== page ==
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Making sense of the universe
As you will be aware, it was my intention yesterday to write something about Stephen Hawking’s address to the Google Zeitgeist gathering for 2011. His talk had been heavily trailed in the global press, and there are plenty of juicy bits to talk about. As you will also be aware, I lost my nerve and talked instead about Stephen Wragg’s quirky art project which chronicles the spread of unauthorised painted pedestrian figures.
This is often the reaction of preachers to a man with an intellect as finely honed and an argument as aggressively atheist as Hawkings’. We either avoid it like an open manhole cover in the pavement, or we dismiss it as the realm of the hopelessly cerebral which is of no interest to us lesser mortals. Neither is a particularly worthy response, I believe. It is better, surely, to identify those areas where we agree, and those elements of his argument (insofar as we understand it) where we might wish to challenge him? Note that there is no reason why we should not challenge him, rather than the other way round.
There were two phrases in the pre-interview with Hawking with which we might find broad agreement. Challenged on how we should live our lives in a universe where he believes we have found ourselves by chance, his answer was that we should ‘seek the greatest value of our action’. This is not a million miles from Jesus’ teaching. He also said that ‘science is beautiful’, citing examples like the double helix. This would fit neatly into a Christian view of a complex and created universe.
However, when he then went on to say that science is beautiful when it ‘makes simple explanations’ and lost me before the rest of the sentence was over I feel he may have undermined his own argument. Can a thing be beautiful when words obscure it from view? I appreciate the elegance of the universe at both a microscopic and an interplanetary level because I see it as the handiwork of a creative genius. The beauty is in the thing itself, not the explanation of it.
He also suggested that the universe is governed by a degree of logic far greater than I see around me. If you visit the Google Zeitgeist website you will find that their analytics of the year 2010 suggest that human beings are more concerned with networking and Ipads than they are with the beauty of double helices or the possibility of an underlying mathematical formula to the universe!
Stephen Hawking is a courageous and brilliant man whose refusal to be limited by his physical disability is an inspiration. He can be courageous and brilliant without being right, though.
Moldovan Eurovision band Zdob şi Zdub have now become famous for their pointy hats. They told the press that these hats gave them ‘contact with the cosmic spheres’. Presumably this was to no avail, since it did not help them to win the competition when the time came for the votes to be counted! Intellectual genius is a crowning glory to human endeavour, but the point where it’s true worth is seen is yet to come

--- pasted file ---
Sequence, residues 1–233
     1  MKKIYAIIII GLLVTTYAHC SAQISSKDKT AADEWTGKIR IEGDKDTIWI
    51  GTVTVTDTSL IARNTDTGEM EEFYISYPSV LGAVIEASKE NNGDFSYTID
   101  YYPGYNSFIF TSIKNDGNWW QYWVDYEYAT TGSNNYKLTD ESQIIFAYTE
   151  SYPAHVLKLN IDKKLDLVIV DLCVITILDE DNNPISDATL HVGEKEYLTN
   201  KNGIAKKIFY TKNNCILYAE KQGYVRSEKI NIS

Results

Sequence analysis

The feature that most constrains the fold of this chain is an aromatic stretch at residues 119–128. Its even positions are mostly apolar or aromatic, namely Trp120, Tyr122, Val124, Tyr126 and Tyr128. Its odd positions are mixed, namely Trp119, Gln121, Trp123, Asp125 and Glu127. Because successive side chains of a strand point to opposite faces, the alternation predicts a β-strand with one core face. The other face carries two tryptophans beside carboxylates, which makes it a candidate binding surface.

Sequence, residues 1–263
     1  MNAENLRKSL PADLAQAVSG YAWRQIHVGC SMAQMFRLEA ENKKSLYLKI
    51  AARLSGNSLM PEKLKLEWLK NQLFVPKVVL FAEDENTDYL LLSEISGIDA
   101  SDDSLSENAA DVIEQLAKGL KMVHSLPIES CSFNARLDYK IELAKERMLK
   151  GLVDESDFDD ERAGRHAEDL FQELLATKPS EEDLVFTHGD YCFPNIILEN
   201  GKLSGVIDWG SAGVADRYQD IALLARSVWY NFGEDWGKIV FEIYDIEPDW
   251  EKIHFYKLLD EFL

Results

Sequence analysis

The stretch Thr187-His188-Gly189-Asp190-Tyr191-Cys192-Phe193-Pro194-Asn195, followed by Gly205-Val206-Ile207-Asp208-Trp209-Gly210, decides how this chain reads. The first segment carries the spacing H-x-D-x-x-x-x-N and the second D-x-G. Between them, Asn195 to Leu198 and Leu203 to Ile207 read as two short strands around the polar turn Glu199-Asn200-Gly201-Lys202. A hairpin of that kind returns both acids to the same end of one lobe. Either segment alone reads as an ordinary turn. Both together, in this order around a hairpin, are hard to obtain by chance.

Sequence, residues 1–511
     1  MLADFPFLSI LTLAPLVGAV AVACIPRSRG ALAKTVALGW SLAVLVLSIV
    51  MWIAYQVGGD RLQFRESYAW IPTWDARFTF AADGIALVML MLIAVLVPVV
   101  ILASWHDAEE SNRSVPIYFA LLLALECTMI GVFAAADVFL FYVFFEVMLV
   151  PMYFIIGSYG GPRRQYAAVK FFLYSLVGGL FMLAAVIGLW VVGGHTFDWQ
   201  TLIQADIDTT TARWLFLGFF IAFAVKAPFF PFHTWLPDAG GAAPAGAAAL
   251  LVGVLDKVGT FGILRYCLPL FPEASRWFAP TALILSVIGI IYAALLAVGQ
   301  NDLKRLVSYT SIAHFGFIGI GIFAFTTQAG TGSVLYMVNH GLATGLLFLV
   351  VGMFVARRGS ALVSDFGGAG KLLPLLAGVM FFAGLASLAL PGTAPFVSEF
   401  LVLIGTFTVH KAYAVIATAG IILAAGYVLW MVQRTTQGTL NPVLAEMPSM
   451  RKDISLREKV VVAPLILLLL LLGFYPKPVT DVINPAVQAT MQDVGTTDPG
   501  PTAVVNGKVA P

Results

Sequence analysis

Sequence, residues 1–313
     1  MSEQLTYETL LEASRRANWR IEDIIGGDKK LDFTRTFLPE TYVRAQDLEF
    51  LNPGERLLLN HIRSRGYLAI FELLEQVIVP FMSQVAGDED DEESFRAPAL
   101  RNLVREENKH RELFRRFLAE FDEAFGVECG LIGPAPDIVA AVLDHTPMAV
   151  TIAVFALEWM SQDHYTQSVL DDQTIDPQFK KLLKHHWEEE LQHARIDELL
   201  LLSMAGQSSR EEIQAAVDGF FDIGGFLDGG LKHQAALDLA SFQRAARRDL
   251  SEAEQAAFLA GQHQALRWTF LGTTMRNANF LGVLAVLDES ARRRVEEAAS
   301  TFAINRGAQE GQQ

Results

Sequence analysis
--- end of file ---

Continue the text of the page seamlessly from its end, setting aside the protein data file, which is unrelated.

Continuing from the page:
A celebration of individuality
I was all set to write a piece today on Stephen Hawking’s address to Google Zeitgeist later on about his quest for the ‘M formula’ which will explain the universe without any need for reference to God. He will talk about the additional 7 dimensions of which most of us have not heard, and the fact that many of the unviverse’s particles have invisible and hitherto unproven twins. Is your head hurting yet?
In the meantime, my attention was drawn to the work of Stephen Wragg, as he records the different depictions of pedestrian signs on the pavements of the UK. Not only are these signs ‘unofficial’, but they depict the individuality of every painter who has painted them. In fact, in some instances the paint has been applied so thickly that the word ‘sculpted’ might be more appropriate.
Don’t you think their quirky and unnecessary individuality suggest something about our human identity? Surely a universe produced by pure mathematics would have a little more uniformity about it? Just sayin…
…I have data overload
So, we are now in possession of the most detailed picture of the universe ever compiled. The statistics are mind-boggling:
- It was shot on a 138 megapixel camera (the one usually used on this blog is 8 megapixel)
- It took ten years to compile
- The final image contains more than 1 trillion pixels
- In order to view the whole image properly, you would require more than 1 million high-definition televisions
The latter is perhaps the most important point of all. We simply cannot take all this data in. Whilst the curiosity and skill to seek such data is a God-given gift, the ability to process it is beyond us, at least without some major cerebral upgrade! Scientists will study the data on this latest survey of the heavens (known as the Sloan Digital Sky Survey) for years to come. Each little part will be looked at in immense detail, especially the “brightest million objects”.
Often the church has artificially set itself up in opposition to the sciences. We have acted as if it were a competition between wonder and analysis. In fact, nothing could be further from the truth. Properly conceived, the one feeds the other, surely?
If David had had access to the Sloan Digital Sky Survey when he wrote Psalm 8, he would still have written it, I’m sure. Since yesterday we have the benefit both of his wonder and man’s analysis. Anyone set to preach on Psalm 8 this weekend?
When I consider your heavens
The work of your fingers
The moon and the stars,
Which you have set in place
What is man that you are mindful of him?
(Psalm 8 v. 3- 4)